Added to that, Wrexham won the FA Trophy at Wembley and return there tomorrow to take on Newport County in the Conference Play-Off Final. How about that? An all-Welsh final at the "Home of English Football".
Although the Welsh international team has had mixed results once again this season, one of its stars - Gareth Bale - has obviously been grabbing a few headlines of his own, and must now be considered one of the best players in the world.
And, if you thought all of that was impressive, the profile of Welsh football is going to go through the roof next season.
The Swans will be playing in Europe for the first time in over 20 years and imagine the interest that is going to surround the two Welsh derbies. The publicity generated for the clubs, Welsh football and Wales as a whole is going to be unprecedented.
Whatever you may feel about Cardiff City and the fact they have been promoted, there is no doubt their presence in the Premier League next season will add some spice to the fixture list.
As an opportunity to market Wales to the world, it can surely only be matched by hosting the 2010 Ryder Cup in Newport in terms of truly global exposure.
Wales may have hosted a rugby World Cup, but despite being a global event, rugby is restricted to relatively few countries around the world.
The Premier League, however, is watched in 212 territories around the world - the audience for games is 4.7 billion.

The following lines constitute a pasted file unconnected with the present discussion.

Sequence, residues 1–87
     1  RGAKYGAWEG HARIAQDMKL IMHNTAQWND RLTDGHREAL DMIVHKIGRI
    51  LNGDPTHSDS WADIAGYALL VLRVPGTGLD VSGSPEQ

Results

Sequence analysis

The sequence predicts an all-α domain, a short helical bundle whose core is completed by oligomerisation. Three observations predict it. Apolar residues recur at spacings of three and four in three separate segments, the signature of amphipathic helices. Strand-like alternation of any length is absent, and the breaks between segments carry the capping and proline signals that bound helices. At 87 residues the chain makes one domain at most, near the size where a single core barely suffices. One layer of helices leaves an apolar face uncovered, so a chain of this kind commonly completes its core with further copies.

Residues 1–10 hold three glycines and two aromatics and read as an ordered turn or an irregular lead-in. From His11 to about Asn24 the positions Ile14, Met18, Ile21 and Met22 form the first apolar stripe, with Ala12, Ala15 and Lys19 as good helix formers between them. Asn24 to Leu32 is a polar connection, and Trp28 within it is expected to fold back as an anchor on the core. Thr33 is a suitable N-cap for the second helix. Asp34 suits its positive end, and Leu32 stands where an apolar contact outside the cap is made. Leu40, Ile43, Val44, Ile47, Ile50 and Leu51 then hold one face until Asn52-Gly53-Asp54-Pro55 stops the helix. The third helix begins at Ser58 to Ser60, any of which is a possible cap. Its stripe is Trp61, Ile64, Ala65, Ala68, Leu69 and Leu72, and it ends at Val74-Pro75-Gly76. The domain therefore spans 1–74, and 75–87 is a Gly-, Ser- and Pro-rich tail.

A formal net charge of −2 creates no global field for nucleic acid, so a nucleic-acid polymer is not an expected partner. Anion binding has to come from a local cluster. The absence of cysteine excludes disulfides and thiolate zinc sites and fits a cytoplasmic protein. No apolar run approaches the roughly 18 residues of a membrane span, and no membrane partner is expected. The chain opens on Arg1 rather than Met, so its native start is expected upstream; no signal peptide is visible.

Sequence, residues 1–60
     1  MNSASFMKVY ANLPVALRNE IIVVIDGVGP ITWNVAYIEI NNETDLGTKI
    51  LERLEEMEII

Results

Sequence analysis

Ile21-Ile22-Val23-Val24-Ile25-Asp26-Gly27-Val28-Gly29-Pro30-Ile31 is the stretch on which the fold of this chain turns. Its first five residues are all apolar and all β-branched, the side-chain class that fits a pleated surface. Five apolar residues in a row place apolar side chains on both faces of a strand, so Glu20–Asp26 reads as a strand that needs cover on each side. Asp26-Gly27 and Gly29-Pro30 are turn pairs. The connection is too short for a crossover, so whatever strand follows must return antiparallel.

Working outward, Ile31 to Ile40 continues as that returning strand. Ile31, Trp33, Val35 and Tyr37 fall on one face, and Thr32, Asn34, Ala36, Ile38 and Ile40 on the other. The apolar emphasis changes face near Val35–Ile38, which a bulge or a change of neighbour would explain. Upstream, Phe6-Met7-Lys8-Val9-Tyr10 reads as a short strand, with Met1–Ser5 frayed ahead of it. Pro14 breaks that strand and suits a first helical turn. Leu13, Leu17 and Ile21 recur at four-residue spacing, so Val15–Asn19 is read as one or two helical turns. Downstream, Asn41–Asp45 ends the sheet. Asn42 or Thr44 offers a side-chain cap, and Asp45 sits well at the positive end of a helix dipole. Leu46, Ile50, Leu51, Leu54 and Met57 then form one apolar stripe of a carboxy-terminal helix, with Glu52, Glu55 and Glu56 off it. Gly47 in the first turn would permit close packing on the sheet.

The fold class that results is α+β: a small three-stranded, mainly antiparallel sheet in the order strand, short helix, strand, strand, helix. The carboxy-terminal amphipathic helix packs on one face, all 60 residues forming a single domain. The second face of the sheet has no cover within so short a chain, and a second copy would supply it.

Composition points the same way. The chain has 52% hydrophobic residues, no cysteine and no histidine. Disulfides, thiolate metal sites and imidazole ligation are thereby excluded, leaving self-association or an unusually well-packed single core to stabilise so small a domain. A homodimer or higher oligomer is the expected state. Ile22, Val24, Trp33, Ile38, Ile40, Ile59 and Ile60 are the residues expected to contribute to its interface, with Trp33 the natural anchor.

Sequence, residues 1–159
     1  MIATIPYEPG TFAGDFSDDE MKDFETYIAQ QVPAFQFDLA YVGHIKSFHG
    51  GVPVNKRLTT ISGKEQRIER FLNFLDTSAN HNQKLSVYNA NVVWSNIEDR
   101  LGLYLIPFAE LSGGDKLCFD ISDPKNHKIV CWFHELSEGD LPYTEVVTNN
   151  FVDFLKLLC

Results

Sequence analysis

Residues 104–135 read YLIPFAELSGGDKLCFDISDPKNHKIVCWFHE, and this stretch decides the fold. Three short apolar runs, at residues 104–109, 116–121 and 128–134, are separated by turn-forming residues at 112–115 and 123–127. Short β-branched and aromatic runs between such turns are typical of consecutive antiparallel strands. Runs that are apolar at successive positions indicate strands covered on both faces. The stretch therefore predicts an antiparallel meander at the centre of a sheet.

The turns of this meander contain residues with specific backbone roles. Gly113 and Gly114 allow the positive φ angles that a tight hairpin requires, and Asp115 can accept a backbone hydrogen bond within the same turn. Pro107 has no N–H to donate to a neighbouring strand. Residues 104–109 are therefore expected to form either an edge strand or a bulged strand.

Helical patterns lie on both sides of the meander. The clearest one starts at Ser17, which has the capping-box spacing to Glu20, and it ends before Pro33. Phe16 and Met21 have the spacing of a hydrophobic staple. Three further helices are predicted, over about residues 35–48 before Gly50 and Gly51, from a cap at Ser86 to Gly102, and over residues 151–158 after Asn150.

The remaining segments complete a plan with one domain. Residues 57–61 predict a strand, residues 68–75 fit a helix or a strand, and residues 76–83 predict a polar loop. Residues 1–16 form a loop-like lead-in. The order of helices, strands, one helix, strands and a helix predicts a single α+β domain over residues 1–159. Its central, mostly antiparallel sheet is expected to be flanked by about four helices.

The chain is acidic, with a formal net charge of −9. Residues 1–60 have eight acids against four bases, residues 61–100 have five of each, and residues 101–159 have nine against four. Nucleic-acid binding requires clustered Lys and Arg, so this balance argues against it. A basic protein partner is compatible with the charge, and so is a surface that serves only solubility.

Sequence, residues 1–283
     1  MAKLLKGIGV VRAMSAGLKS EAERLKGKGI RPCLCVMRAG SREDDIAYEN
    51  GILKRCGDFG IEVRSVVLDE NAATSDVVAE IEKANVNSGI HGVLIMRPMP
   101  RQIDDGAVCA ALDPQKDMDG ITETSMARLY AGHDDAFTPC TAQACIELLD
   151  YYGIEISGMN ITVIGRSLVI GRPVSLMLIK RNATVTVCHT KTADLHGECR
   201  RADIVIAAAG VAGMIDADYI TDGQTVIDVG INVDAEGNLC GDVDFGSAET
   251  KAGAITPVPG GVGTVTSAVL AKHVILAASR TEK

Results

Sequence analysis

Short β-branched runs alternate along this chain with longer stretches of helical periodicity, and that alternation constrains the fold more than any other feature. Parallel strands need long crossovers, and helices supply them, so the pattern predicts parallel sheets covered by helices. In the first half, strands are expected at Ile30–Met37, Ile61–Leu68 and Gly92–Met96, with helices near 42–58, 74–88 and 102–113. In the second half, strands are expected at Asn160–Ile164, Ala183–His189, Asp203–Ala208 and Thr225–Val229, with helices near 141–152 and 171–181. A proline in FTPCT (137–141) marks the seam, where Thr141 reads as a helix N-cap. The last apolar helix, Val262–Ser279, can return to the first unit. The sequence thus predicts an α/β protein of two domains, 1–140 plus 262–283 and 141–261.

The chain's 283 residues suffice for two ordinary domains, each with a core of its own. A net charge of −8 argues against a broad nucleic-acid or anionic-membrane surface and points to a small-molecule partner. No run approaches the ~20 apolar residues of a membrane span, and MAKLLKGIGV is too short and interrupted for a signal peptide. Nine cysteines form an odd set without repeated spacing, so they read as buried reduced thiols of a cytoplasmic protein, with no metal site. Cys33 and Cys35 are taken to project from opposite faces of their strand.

With that global audience comes a massive responsibility on us fans.
We have to make sure that next season's derbies are remembered for all the right reasons.
Swans fans have conducted themselves immaculately over the past few years, particularly since the club reached the Premier League.
The rivalry of the derby matches will bring fresh challenges, but we have to make sure we continue to support the club in the way we have over the past few years - impressing people not only with the passion of our support, but also with our behaviour.
I don't know about you, but I get a real tingle down my spine when I hear the Jack Army out singing opposition fans. Not just here at the Liberty, of course, but when it happens at places like Anfield, St James' Park and other grounds know for their vocal support.
The Swansea City song, which was written back in the late seventies, has a line predicting that: " . . . once again all Europe will hear the Swansea City sound".
Well next season it will, but not only will Europe be listening as the Swans compete in the Europa League - the whole world will be watching when the Swans take on Cardiff in those historic and unique derbies - the first to be played in the top flight.
Let's make sure we don't let them down.
But, perhaps more importantly to the future of the Swans, and Welsh football as a whole, there will also be a whole new generation of potential fans watching.
In 1976, I was a nine-year-old who thought all Welsh sport revolved around the oval ball, until I saw a lone Welshman lift the FA Cup. That opened my eyes to Welsh football.
Imagine the thousands of Welsh youngsters tuning in to the Welsh derby next season and seeing Swansea City taking on Cardiff City in the Premier League.
Hopefully they will be turned on to football and inspired to try and emulate Ashley Williams, Neil Taylor and Ben Davies in playing for a Welsh club in the Premier League.
But whatever successes the remainder of this season and the next hold for Welsh football, let's hope the Swans continue to lead the way as the nation's most successful club.